Saturday, February 9, 2019
Henize 70 is actually a luminous superbubble of interstellar gas about 300 light-years in diameter, blown by winds from hot, massive stars and supernova explosions, with its interior filled with tenuous hot and expanding gas.
full story here
Recent research, however, shows something different. When scientists analyse people who appear to have tremendous self-control, it turns out those individuals aren't all that different from those who are struggling. Instead, "disciplined" people are better at structuring their lives in a way that does not require heroic willpower and self-control. In other words, they spend less time in tempting situations.
The people with the best self-control are typically the ones who need to use it the least. It's easier to practice self-restraint when you don't have to use it very often. So, yes, perseverance, grit, and willpower are essential to success, but the way to improve these qualities is not by wishing your were a more disciplined person, but by creating a more disciplined environment.
-James Clear, Atomic Habits
"The whole history of the world shows that legislation will generally be both unwise and ineffective unless undertaken after calm enquiry and with sober self-restraint."
-Theodore Roosevelt, from his first "message" to Congress, December 1901 (as quoted by Edmund Morris in Theodore Rex
......................from Martin Gurri's The Revolt of the Public:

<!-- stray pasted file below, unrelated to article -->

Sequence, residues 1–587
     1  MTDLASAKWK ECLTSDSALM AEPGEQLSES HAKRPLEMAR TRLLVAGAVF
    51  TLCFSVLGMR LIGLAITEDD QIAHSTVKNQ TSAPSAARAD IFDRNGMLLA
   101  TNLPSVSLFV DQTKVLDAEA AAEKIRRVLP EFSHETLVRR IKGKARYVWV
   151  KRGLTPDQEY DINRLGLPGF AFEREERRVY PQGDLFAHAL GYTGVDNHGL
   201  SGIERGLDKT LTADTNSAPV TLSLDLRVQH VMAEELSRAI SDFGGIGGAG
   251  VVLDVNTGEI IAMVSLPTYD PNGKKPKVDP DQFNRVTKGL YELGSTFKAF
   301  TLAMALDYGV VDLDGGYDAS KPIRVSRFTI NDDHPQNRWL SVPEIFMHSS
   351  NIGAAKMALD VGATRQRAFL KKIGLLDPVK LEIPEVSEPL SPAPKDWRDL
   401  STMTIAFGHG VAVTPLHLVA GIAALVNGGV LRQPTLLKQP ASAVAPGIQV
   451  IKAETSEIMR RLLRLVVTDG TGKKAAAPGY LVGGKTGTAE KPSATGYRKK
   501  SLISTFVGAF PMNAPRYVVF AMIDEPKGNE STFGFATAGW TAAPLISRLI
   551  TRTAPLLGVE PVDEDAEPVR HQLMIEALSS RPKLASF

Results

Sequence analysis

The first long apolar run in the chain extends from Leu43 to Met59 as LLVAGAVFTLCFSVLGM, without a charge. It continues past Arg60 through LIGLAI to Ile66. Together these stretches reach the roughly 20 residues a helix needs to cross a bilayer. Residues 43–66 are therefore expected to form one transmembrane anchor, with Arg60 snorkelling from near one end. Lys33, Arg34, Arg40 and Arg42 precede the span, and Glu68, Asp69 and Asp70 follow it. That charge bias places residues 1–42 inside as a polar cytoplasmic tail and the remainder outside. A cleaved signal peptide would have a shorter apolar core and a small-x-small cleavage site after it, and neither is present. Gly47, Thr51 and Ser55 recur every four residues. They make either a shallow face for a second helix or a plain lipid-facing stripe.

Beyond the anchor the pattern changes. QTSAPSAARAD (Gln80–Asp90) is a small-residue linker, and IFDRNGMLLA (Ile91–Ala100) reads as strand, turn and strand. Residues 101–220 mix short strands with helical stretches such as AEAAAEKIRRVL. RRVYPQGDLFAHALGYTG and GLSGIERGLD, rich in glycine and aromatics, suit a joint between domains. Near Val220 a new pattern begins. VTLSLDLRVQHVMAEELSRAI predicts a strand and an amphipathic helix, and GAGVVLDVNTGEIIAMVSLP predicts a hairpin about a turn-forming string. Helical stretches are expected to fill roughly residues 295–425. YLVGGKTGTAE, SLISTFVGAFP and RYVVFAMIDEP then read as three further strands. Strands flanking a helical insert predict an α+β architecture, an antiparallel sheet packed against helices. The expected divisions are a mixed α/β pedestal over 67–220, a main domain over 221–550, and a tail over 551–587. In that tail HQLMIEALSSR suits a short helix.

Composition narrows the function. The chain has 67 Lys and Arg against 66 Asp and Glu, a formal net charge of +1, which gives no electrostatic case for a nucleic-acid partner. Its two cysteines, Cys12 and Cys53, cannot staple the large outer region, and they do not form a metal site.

"Propaganda was the totalitarian's admission that his power wasn't total."
"It is perfectly possible for the elites to lapse into paralysis while the public staggers into nihilism. Indeed, this could be our future."
"Modern governments can keep an eye on a thousand moving parts, but they can't predict discontinuity. They can't comprehend phase change. Then the crisis arrives, they are slow to grasp its dimensions. When the effects become palpable, they reflexively reach for the crude tools they have at their disposal, whether or not these will improve the situation. In essence, governments can throw money at unwanted change, or they can hurl bombs and policemen."
"The public, in command of the information sphere, has found corruption everywhere at the Center, and has wielded its new persuasive power to attack the legitimacy of every authoritative institution."
(Concerning 2008 and the beginning of the Great Recession) "In the economic carnage that followed, the expert and political elites betrayed astonishing levels of cluelessness, and did so at center stage, where the whole world could see. Bankers and regulators, politicians and bureaucrats—all turned out to have made drunken-sailor bets on the future, in effect helping to push the US economy over a cliff of illiquidity and bad debt. The consequences were immediate and devastating."
"Put in simpler terms: governments craved control, and the experts, in exchange for a place in the hierarchy, offered to demonstrate how it could be imposed."
"The bankruptcy of the expert class was a bipartisan affair."
Digital or analog?
Adams or Jefferson?
Audrey or Marilyn?
Mountains or beach?
Orwell or Huxley?
Television or reading?
Giuliani or Bloomberg?
Chocolate or vanilla?
Draw your own portrait here.
Friday, February 8, 2019
Also, there is nothing to write about. Covington? Northam? If we have the luxury of turning these stories into headlines, then we are either doing very well as a country or else we are desperate for distractions from whatever real problems we have.